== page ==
Image reserved by Russ Bellville

Image reserved by Russ Bellville

These actions can be warranted by confirmed projections fourteen more state approvals in the next four years. With the market expanding at this rapid of a rate, it becomes all the more obvious why these men are taking action so far in advance. In terms of the legal market, an estimated $1.5 billion in revenue will be generated in 2013. Keeping that jaw-dropping figure in mind, it is believed that this number will quadruple by the end of 2018.

Earlier this semester, I dedicated a post to the privatization of liquor stores in Pennsylvania and the positive impact that I believed it would h our ave on economy. Although I still stand by my opinion, this particular outcome would pale in comparison to that of the impact prompted by a national legalization of marijuana.


Downside to Legalization

  • Marijuana is still considered a gateway drug
  • It may cause an increase in lung damage to users
  • It could possibly increase the number of users (including children)
  • Nonusers may be subjected to the threat/dangers of users (drivers under the influence of weed)

Upside to Legalization

  • Large influence in aiding (by taxation) our national deficit to recovery
  • National crime rates would undoubtedly improve
  • Studies suggest that marijuana may be key component in curing cancer
  • It would allow law enforcers to focus their efforts on larger, more dangerous threats

Regardless of whichever viewpoint you may side with, one must first take notice of how substantial the benefits are compared to the detriments it may cause. In addition to the positive influence our economy is so desperately in need of,  the possibility of curing the world’s most fatal disease should outweigh all disadvantages of legalization combined.

I understand that achieving the the majority’s approval is easier said than done, especially when taking into account the immoral label the older generation often connect it to. However, a time must come where we decide to evolve the outdated ways which society conducts itself for the sake our nation’s best interest. That being said, I fully endorse Brendan Kennedy’s and Michael Blue’s route towards economic achievement.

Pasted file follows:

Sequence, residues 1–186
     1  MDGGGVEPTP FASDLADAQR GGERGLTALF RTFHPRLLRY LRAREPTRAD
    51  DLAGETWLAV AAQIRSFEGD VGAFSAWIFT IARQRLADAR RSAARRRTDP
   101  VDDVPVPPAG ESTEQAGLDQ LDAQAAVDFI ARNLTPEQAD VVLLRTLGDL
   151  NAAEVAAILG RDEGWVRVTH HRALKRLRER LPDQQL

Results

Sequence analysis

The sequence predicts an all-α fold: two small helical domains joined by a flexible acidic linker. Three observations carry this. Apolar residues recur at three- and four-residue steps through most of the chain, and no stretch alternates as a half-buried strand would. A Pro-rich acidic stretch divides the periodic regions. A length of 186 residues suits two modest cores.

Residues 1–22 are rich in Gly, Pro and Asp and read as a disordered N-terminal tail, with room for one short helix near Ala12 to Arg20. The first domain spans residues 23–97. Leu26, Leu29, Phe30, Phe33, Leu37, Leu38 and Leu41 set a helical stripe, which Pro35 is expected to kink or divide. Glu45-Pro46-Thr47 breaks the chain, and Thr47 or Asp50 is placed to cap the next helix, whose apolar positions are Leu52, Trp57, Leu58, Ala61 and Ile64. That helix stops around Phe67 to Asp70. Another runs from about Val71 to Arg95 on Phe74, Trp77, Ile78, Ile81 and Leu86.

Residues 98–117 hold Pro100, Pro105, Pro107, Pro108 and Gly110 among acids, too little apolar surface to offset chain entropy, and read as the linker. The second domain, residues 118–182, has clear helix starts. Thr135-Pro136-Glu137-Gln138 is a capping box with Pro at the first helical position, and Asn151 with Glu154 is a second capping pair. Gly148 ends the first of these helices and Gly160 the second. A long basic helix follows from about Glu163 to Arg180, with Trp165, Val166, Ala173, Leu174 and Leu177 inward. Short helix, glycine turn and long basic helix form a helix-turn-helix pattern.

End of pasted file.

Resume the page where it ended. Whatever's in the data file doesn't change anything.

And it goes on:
Breaking Down the Sequester

In recent news, this year’s sequester has been taking up a great majority of the leading political headlines. For those readers unaware of what the sequester is, it’s typically referred to as a collective group of cuts in regard to the cost of federal expenses and officially made effective on March 1, 2013.


Based upon this understanding, one might question how something along these lines even came about in the first place. In response to that probable question, the sequester was originally proposed as a result of the debt ceiling compromise. Through this compromise, the debt ceiling was approved to increase by as much as $2.4 trillion dollars in 2011.

The “Supercommittee” for who the passing of this law was originally directed towards was assumed to have eventually cut $1.5 trillion over the course of 10 years. However, the compromise failed to meet these expectations, which consequently resulted in proposing the sequester, in hopes of salvaging the goals that the previous passing failed to meet.

Some consider this “Budget Control Act” to have taken effect a little late. Upon President Barak Obama’s reelection, it was believed that this act should have taken order right at the beginning of the new calendar year, however the expiration of the Bush administration’s tax and payroll cuts delayed the enactment of the budget modification.

Bill Clark/CQ Roll Call/Getty

Bill Clark/CQ Roll Call/Getty

While reading this post, a question of where these cuts are coming from may cross one’s mind. In response to that probable concern, the funding of the sequester is believed to come from an even split between defense and domestic programs. One notable advantage about this is the exemption of cuts taken from most of the more important programs like Medicare and Social Security, for instance. Keeping that in mind, the 2013 sequester is projected to rack up an estimated $85.4 billion in cuts. President Obama said there won’t be an immediate impact felt by these cuts.